To create the sketch for this week, I took the text from the main page of the syllabus for each of my classes this semester and played with it a bit. I thought it would be interesting to see if any patterns popped out!
If you’re curious, my classes this semester are “Programming A to Z”, “Reading and Writing Electronic Text”, “Time”, and “Imagination and Distributed Learning.” As far as the details of the execution of this sketch, I copied all of my syllabi from my classes and compiled them into one file called “syllabi.txt”. I didn’t do much massaging of the data beforehand, with the exception of removing student names, websites, and email addresses.
Following the challenge flow, I imported the text. I had it join by space, “ “, then broke up the text up by separating each thing that wasn’t a space and adding it to an array. Once I had the words in an array, I could see which ones were most and least common. From there, I broke the words up into groups based on how many occurrences there were of each word. (These groups are 100+, 50-99, 25-49, 15-24, 10-14, and then groups for each word that had 9, 8, 7, 6, 5, 4, 3, 2, and 1 instances in the text.)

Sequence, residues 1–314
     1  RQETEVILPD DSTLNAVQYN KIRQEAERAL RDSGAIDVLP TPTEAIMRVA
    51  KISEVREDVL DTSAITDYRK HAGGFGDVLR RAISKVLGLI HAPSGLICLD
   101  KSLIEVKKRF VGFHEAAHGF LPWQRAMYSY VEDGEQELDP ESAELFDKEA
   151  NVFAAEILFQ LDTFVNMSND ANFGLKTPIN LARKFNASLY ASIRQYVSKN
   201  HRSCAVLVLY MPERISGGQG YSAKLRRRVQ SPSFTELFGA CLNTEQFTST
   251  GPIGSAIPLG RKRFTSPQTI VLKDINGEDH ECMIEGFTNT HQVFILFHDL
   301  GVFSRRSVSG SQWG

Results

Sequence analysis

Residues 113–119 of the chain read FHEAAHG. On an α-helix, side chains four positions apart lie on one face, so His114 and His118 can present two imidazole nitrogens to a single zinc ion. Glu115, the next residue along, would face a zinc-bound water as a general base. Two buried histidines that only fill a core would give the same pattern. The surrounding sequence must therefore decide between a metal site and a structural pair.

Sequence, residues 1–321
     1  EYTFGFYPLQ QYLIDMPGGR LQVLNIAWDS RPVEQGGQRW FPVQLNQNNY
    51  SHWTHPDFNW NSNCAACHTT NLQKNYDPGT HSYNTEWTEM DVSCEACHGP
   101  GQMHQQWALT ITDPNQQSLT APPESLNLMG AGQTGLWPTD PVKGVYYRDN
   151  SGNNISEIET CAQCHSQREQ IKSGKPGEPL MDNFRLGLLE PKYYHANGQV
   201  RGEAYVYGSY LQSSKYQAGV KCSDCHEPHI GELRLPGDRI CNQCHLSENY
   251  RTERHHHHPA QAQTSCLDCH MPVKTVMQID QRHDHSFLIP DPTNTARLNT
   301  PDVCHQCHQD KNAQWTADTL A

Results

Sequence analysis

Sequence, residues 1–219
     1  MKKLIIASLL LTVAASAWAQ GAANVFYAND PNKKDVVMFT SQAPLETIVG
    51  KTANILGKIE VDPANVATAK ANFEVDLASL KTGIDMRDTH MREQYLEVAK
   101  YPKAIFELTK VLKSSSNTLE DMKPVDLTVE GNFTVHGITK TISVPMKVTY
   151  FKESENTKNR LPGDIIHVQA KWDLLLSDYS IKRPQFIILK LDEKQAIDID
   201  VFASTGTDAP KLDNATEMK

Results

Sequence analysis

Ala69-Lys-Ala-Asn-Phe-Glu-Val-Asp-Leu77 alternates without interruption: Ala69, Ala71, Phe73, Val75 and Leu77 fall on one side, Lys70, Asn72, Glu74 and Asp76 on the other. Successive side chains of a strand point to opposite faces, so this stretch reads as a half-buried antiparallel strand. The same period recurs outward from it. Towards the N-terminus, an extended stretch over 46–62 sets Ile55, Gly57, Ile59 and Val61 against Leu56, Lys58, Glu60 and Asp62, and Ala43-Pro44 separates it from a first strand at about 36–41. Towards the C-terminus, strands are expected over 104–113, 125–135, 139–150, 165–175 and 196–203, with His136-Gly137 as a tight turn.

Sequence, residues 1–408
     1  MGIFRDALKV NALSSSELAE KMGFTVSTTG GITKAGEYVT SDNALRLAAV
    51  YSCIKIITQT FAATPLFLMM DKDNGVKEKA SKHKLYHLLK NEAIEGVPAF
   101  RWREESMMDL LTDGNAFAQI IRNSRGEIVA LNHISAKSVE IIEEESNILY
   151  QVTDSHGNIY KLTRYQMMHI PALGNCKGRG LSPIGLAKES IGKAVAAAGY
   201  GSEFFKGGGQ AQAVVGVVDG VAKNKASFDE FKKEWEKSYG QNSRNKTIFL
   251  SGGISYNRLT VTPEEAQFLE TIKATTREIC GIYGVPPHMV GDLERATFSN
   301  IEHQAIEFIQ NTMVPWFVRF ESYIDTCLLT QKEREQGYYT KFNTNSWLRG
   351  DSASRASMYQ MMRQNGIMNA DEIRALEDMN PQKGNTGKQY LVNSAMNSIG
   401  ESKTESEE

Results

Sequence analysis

Next, I created a sentence by displaying random words from each grouping arranged in order using the groupings above (in that order.) I also did a little work to figure out how to capitalize the first word of the sentence and added a number of random punctuation options to put at the end. I also tried creating a reset button, but I wasn’t able to figure out how to clear the previous text so that it didn’t show from behind, so I just left it off. One other quirk for this assignment is that there are a number of the last parts of contractions, ie ‘ve’, ‘s’, ‘t’ and a number of roman numbers that appear in the text; however, i did use a RegEx, (!/\d+/), to prevent numbers from appearing in the results.
Personally, I didn’t necessarily feel like there was a pattern to pull from the sentences that came up for me; however, I do appreciate how the rarer words appear at the end of the sentence, making it more interesting as you go along. I hope you enjoy learning about what I’ll be learning about this semester!